Economic Principals started life as a newspaper column. A little less than three years ago it became an on-line weekly. If EP were an airplane, these weekly reports would be its wings.
Its engine, however, the thing that makes it go, is no different on the Web from what it was during newspaper days — it is a book, or rather a series of books, interpreting and conveying the situation of modern technical economics to lay readers.
The Idea of Economic Complexity appeared in 1984; Economic Principals: Masters and Mavericks of Modern Economics, a collection of columns, in 1993.
The next in this series, Knowledge and the Wealth of Nations: A Story of Economic Discovery, is scheduled to be published by W. W. Norton in the autumn of 2005.
“A stimulating and inviting tour of modern economics centered on the story of one of its most important breakthroughs…,” says the publisher. “Not since Robert Heilbroner’s classic work, The Worldly Philosophers, have we had as attractive a glimpse of the essential science of economics.”
(Of course the publisher would say that. Still, this account of the events leading up to the “discovery” in the 1980s of intellectual property, and of the reasons why it took so long to work out the economics of knowledge, really does make pretty good reading — 120,000 words about one topic instead of the usual 1200 or so.)
Even in its newspaper incarnation, the idea behind EP was always to have a mix. Some things can’t be said in short form. Yet there is something indispensably enlivening about daily journalism (or in this case, weekly). Not the least of it is that, ordinarily, it pays.
Economic Principals ran from 1983 to 2002 in The Boston Globe, for some of those years in The Washington Post and the Chicago Tribune as well. That all came to an abrupt halt when The New York Times took control of The Globe, and discontinued the column.
So I quit the paper and started writing on this website, in order not to lose touch with readers. When no other newspaper evinced much interest in keeping the column going, I concentrated on the website and looked for other ways to make a living.
There were immediate advantages to this. Suddenly I was the editor. I could write about what I pleased. I could take the weekly to Germany for five months as a fellow of the American Academy in Berlin.
This was still journalism, or so I thought, although my migration to the Web coincided with rise of the blogs. (I’ll write more about this distinction in the coming weeks.) Often the weekly seemed to operate as something of a shadow economics column, its sensibility somewhere in the middle of the road between, say, Paul Krugman and Robert Samuelson.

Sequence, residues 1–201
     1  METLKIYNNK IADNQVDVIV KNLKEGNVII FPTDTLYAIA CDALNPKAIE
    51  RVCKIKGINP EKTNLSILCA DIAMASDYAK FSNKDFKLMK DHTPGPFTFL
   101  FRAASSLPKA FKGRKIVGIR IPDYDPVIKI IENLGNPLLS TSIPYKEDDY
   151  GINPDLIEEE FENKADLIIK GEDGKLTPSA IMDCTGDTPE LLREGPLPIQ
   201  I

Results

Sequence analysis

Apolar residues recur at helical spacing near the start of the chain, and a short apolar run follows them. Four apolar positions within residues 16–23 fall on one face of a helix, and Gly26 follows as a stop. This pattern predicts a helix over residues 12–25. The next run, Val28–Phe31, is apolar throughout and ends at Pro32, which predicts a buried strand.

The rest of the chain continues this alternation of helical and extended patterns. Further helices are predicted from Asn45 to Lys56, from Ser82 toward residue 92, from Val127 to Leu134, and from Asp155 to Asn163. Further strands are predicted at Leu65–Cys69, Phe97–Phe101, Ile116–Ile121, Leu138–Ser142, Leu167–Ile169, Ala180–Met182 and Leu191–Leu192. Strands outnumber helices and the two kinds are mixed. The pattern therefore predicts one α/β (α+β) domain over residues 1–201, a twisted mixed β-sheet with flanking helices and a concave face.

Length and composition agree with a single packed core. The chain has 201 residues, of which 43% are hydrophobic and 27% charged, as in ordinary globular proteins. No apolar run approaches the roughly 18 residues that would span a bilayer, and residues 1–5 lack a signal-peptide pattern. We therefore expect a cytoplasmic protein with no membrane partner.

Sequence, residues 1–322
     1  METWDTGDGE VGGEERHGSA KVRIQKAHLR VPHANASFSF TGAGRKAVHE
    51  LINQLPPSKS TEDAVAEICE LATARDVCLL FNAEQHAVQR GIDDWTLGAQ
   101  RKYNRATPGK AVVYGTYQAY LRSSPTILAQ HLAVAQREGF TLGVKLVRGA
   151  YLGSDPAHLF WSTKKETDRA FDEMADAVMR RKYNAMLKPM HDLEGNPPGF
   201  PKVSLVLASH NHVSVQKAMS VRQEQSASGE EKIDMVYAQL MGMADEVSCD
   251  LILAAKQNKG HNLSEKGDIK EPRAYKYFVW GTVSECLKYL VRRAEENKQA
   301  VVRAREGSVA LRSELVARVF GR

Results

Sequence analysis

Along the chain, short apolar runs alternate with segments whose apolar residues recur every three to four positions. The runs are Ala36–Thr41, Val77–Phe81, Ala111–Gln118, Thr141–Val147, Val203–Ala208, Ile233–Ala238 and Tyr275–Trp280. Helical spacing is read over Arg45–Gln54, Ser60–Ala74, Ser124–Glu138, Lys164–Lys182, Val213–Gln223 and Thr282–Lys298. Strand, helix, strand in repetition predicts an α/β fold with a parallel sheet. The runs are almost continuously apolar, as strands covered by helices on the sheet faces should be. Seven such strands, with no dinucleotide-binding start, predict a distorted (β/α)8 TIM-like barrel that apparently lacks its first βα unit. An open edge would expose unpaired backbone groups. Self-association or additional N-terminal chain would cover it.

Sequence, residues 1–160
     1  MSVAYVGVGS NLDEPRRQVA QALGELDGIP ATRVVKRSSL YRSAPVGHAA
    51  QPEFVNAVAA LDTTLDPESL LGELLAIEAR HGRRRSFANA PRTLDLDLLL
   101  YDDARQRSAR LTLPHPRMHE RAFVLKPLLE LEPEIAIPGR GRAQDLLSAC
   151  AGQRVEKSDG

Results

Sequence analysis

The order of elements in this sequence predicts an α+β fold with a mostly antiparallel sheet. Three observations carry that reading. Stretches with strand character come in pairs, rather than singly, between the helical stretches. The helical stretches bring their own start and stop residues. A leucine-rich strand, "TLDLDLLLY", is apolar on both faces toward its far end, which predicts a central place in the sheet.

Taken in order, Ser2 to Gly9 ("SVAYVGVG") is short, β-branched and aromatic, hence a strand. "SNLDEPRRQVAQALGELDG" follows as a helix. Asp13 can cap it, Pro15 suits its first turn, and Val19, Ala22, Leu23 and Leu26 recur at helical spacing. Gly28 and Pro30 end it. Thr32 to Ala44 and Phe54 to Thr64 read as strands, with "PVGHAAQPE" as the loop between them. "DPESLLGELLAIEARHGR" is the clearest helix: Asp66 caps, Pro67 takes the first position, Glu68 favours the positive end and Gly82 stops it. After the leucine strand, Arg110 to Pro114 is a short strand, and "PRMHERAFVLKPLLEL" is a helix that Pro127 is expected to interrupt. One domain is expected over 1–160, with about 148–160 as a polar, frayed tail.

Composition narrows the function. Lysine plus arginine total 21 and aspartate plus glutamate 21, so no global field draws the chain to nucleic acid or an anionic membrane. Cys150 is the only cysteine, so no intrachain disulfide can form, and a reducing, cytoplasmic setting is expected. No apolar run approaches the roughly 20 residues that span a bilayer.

EP also reported the news; not all of the news, of course, but some of it, including goings-on in economics that other news organizations for the most part ignored or overlooked. Of special interest was continuing coverage of the US government’s lawsuit against Harvard University and economics professor Andrei Shleifer.
But there wasn’t much money in it. I wasn’t getting paid. Travel to meetings was sharply curtailed. There was no JSTOR (the journal retrieval service) or Lexis-Nexis. Nor was I part of a truth-seeking collectivity, except as a member of the loose group of other newsfolk who cover more or less same the thing around the world.
In the summer of 2002, the Sabre Foundation seemed a good possibility. It was an old-line operating foundation with an extensive history of good works (its book donation program in poorer nations around the world) and a project in the philosophy of institutions. A couple of years before, it had incubated and then spun off the Michael Oakeshott Society. Its greatest asset was my friend and neighbor, the philosopher and activist Josiah Lee Auspitz.
While under Sabre’s sponsorship, EP considered and discarded a number of possibilities. For a time, it seemed that the project might emphasize links to other sites; or that it might serve as an op-ed page for university economists; or seek to involve readers interactively.
But mainly these confused the issue. In the end, the project turned out to be traditional journalism, after all.
You don’t need a 501.c.3. organization for that. (That being section of the tax code relating to tax-deductible contributions.)
You do, however, need an income.
Contributions from individuals kept EP afloat. Institutions, meanwhile, shied away in droves — not surprisingly, in retrospect, given EP’s ineradicable independence. The presence of the Sabre button on the site, however, conveyed to most of the audience the distinct (mis)impression that, financially, everything was somehow taken care of.
So, as of the end of next month, I will leave Sabre’s shelter for the unabetted marketplace — the market for economic journalism. Down comes the “sponsored by” button. Up goes the motto, “An Independent Weekly.”
For years, I told people who asked that I was a newspaperman. Now I tell them that I’m a writer. I expect to spend much of the next two years discussing Knowledge and the Wealth of Nations. Various other projects are in the works.
And the weekly? In earlier eras, independent journalists sold subscriptions to their weeklies and distributed them by mail. The avalanche of free information that is instantly available on the World Wide Web today makes that revenue model implausible. (EP regularly reaches more than 10,000 readers in some 80 countries.)
So I plan to continue the weekly as a kind of free sample, relying on the traditional sources of income of a solo author to support the site — book sales, articles, visitorships and speaking fees. Economic Principals thus more nearly resembles The Borowitz Report than I.F. Stone’s Weekly.
That doesn’t mean, however, that I expect that Economic Principals will have no impact. There’s too little economic journalism as it is. Every little bit of the good stuff helps.